Tasha and Wayne McKenzie wanted a baby even before they said their vows on their wedding day. After four years of trying to fall pregnant naturally and after six unsuccessful rounds of IVF, their friend Lee-Ann Laufs said she would be their surrogate. Charlene Yared West sat down with Tasha, Wayne and Lee-Ann to learn more about their surrogacy journey.
Surrogacy chose us
Wayne and Tasha felt that they had exhausted all their options to have a baby, save the adoption route. Their friend, Lee-Ann Laufs worked closely with with a safe house for abused and abandoned children called Miracle Kids in Cape Town. “I emailed her to get the details and she called me back saying that she had been telling my wife Tash for months that she would be our surrogate – and that she really meant it. I was blown away by what she said and wanted to laugh and cry simultaneously. I knew this could finally be it… We could have our baby!”
Tasha recalls how she got to know Lee-Ann in her beauty salon; “When she came for treatments, we got to know each other and would start chatting about where I was in fertility treatment. She always mentioned wanting to be our surrogate, but sometimes people say things they don’t really mean and I wasn’t sure if this was one of those times, so I left it at that. She gave birth to her second son and after the caesarean messaged me from the hospital saying she would do this for us. She told us to be patient and wait a little while longer until she had healed and was ready to be pregnant again. We left it at that and I still didn’t believe her!”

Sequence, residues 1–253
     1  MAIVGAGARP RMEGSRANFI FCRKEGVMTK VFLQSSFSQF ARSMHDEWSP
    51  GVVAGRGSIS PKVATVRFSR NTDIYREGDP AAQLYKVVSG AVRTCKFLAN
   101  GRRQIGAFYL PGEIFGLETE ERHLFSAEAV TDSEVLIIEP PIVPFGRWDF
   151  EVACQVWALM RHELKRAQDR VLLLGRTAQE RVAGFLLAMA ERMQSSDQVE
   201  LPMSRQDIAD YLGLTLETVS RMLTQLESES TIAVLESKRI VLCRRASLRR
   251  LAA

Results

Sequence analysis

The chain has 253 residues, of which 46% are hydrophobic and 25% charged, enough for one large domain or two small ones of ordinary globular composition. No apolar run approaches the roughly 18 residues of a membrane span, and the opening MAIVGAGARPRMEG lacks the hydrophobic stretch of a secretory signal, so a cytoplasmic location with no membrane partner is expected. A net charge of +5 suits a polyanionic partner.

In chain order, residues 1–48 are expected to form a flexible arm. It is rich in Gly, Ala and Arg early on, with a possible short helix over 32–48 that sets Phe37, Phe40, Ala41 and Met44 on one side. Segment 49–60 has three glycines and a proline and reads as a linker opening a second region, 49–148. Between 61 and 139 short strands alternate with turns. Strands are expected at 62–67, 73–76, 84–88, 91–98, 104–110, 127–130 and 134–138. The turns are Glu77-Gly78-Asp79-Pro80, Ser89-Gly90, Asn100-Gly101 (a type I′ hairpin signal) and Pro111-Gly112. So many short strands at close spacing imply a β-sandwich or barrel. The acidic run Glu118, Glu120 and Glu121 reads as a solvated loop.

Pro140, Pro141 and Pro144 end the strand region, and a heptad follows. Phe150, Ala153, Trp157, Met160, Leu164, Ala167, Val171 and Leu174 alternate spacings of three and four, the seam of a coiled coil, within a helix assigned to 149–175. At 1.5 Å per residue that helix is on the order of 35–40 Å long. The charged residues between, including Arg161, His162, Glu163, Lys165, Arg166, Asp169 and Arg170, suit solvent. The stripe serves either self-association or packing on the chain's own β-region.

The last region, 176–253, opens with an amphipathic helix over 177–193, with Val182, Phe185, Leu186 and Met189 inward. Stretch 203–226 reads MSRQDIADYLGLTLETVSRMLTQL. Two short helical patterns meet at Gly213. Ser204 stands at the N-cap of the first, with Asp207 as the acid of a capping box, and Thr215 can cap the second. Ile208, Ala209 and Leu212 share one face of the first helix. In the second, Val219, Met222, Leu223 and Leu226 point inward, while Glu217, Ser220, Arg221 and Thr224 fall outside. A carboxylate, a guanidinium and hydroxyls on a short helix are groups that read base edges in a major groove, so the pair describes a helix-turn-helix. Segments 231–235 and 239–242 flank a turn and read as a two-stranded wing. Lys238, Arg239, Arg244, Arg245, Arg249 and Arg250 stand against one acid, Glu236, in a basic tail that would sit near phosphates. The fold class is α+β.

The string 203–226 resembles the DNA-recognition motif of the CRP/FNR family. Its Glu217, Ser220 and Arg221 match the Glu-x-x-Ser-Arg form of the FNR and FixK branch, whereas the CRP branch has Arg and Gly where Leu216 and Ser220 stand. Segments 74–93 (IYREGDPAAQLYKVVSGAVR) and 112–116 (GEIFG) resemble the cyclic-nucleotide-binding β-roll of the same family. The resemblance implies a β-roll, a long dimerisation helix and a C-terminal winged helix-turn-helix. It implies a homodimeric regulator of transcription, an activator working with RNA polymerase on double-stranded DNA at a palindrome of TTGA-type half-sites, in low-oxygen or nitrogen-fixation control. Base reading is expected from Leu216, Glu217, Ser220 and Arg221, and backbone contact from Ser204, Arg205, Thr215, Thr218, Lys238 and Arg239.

It was only after Lee-Ann and Wayne had spoken that the offer of surrogacy became real to Tasha. “Unless you have been through the process, you will never know the heartache of infertility and I was terrified to allow someone else to carry my baby.” adds Tasha. “It was the best news to hear that both eggs survived and we were expecting twins. Prof Thinus Kruger from the Aevitas Clinic dealt with the embryo transfer and making us pregnant.”
Lee-Ann recalls how during the pregnancy, Wayne started calling her “Smeg”, which was a code word for oven. “That was exactly how I viewed the pregnancy; I was an oven for their babies. Simply put; their sperm and eggs, my uterus. The babies don’t receive anything from the surrogate mom except food and a warm comfy womb.This is known as gestational surrogacy,” explains Lee-Ann. “There were no feelings afterwards of ‘I wish they were mine.’ The joy it gives others is so worth it and helps erase all the heartache they went through to finally have their babies.”
The medical side